U.S. House lawmakers approved six bills to limit the reach of Dodd-Frank Act derivatives rules, including measures to define which firms are swap dealers, subjecting them to higher capital and margin requirements.
The House Agriculture Committee voted unanimously yesterday for two bills to limit the Commodity Futures Trading Commission’s definition of which firms can be designated as dealers, and two measures to limit application of margin on certain firms and bar regulators from dictating how many traders would have to compete in swap transactions.
The latter two bills, which would amend the 2010 regulatory law, were approved in November by the Financial Services Committee, which shares jurisdiction over the $708 trillion global over-the-counter swaps market.
The measures approved yesterday, stemming from Republican efforts to limit the reach of the CFTC rules, have little chance of winning congressional approval, said Representative Collin Peterson of Minnesota, the Agriculture Committee’s top Democrat.
Representative Randy Hultgren, an Illinois Republican, sponsored a measure to exempt from the swap-dealer designation institutions with outstanding swaps of less than $3 billion, as well as non-financial firms that use them to hedge or mitigate commercial risk. The panel adopted an amendment clarifying that the exemptions don’t apply to financial firms.
A second measure on the swap-dealer definition would exempt banks and farm credit lenders that can show their swaps activity allows them to increase lending.
The committee also approved by voice vote legislation to bar regulators from imposing margin requirements on commercial and manufacturing end-users of derivatives. The Coalition for Derivatives End-Users, which includes brewer MillerCoors LLC, has lobbied Congress and regulators to exempt end-users from collateral requirements.
The panel followed the House Financial Services Committee in unanimously approving a measure exempting swaps between subsidiaries of the same company from Dodd-Frank clearing and trading regulations.
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Einhorn, Greenlight Fined $11 Million in U.K. for Punch Sale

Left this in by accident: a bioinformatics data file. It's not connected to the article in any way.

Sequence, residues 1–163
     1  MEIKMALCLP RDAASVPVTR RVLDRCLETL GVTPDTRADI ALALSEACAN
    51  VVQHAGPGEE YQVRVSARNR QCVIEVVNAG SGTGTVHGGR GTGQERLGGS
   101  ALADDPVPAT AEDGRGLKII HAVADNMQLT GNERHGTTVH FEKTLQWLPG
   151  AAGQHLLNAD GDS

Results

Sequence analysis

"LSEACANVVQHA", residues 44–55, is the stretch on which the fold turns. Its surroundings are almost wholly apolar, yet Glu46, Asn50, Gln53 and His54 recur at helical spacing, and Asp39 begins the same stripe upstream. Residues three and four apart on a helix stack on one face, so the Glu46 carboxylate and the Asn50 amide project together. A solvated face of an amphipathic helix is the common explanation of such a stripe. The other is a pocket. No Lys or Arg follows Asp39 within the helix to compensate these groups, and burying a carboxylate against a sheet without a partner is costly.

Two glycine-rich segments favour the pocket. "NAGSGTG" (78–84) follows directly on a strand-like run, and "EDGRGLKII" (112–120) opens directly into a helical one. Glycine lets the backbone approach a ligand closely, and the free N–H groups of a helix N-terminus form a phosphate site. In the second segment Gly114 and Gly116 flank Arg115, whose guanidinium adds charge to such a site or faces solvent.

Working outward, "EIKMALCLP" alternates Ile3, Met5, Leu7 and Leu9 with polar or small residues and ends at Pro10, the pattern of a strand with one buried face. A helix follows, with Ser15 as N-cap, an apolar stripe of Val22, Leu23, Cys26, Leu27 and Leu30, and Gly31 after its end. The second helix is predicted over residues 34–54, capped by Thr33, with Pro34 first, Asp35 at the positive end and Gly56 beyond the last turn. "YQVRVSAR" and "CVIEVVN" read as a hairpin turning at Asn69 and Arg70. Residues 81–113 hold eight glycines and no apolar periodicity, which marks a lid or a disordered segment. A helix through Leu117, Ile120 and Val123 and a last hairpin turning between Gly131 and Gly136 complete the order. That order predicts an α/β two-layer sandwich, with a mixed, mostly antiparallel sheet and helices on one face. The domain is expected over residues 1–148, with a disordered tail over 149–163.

David Einhorn and Greenlight Capital Inc. were fined 7.2 million pounds ($11.2 million) by the U.K.’s financial regulator for trading on inside information in Punch Taverns Plc in 2009.
Einhorn, Greenlight’s 43-year-old chairman, was told of Punch Taverns’s plan to sell equity by a broker representing the company, the Financial Services Authority said in an e-mailed statement yesterday. He then sold more than 11 million Punch Tavern shares over the following four days, avoiding losses of about 5.8 million pounds for the fund, the regulator said.
Greenlight said the market abuse was “inadvertent” and the regulator agreed it wasn’t deliberate or reckless. The fine won’t come out of Greenlight funds, the New York-based firm said in a statement.
The FSA is imposing stricter supervision after being criticized for failing to prevent the U.K.’s worst financial crisis since the World War II. The fine against Einhorn, 3.64 million pounds, is the second-largest civil penalty levied against an individual by the FSA.
“We believe that this action is unjust and inconsistent with the law and with prior FSA enforcement,” Einhorn said in the Greenlight statement. “However, rather than continue an arduous fight, we have decided to put this matter behind us.”
An outside spokeswoman for Punch declined to comment on the FSA fine and refused to provide her name citing company policy.
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Lima Stock Exchange Suspends Intercapital SAB Brokerage
The Lima Stock Exchange said it suspended brokerage Intercapital SAB from trading for lack of funds.
Lima-based Intercapital will have 90 days to show increased capital, the exchange said yesterday in a statement posted on its website.